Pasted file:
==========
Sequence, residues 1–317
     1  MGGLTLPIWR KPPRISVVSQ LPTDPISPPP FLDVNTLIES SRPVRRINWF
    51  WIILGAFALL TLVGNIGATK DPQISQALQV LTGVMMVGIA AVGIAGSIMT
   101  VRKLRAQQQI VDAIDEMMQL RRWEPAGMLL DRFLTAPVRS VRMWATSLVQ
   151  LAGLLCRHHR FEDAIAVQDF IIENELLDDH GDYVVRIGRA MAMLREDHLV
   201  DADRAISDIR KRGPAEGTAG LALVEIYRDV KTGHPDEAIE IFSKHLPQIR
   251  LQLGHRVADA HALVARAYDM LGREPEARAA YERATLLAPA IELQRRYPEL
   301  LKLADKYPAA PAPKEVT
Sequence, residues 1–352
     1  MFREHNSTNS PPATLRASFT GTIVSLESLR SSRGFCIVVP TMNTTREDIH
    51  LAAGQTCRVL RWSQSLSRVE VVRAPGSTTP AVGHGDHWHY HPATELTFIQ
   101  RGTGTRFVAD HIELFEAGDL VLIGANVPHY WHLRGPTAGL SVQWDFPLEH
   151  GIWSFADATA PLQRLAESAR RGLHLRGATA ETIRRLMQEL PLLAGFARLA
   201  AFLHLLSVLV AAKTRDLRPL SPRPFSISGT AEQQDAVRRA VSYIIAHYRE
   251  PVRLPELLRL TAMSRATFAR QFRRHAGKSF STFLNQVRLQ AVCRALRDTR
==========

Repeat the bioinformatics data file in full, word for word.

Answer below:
Sequence, residues 1–317
     1  MGGLTLPIWR KPPRISVVSQ LPTDPISPPP FLDVNTLIES SRPVRRINWF
    51  WIILGAFALL TLVGNIGATK DPQISQALQV LTGVMMVGIA AVGIAGSIMT
   101  VRKLRAQQQI VDAIDEMMQL RRWEPAGMLL DRFLTAPVRS VRMWATSLVQ
   151  LAGLLCRHHR FEDAIAVQDF IIENELLDDH GDYVVRIGRA MAMLREDHLV
   201  DADRAISDIR KRGPAEGTAG LALVEIYRDV KTGHPDEAIE IFSKHLPQIR
   251  LQLGHRVADA HALVARAYDM LGREPEARAA YERATLLAPA IELQRRYPEL
   301  LKLADKYPAA PAPKEVT
Sequence, residues 1–352
     1  MFREHNSTNS PPATLRASFT GTIVSLESLR SSRGFCIVVP TMNTTREDIH
    51  LAAGQTCRVL RWSQSLSRVE VVRAPGSTTP AVGHGDHWHY HPATELTFIQ
   101  RGTGTRFVAD HIELFEAGDL VLIGANVPHY WHLRGPTAGL SVQWDFPLEH
   151  GIWSFADATA PLQRLAESAR RGLHLRGATA ETIRRLMQEL PLLAGFARLA
   201  AFLHLLSVLV AAKTRDLRPL SPRPFSISGT AEQQDAVRRA VSYIIAHYRE
   251  PVRLPELLRL TAMSRATFAR QFRRHAGKSF STFLNQVRLQ AVCRALRDTR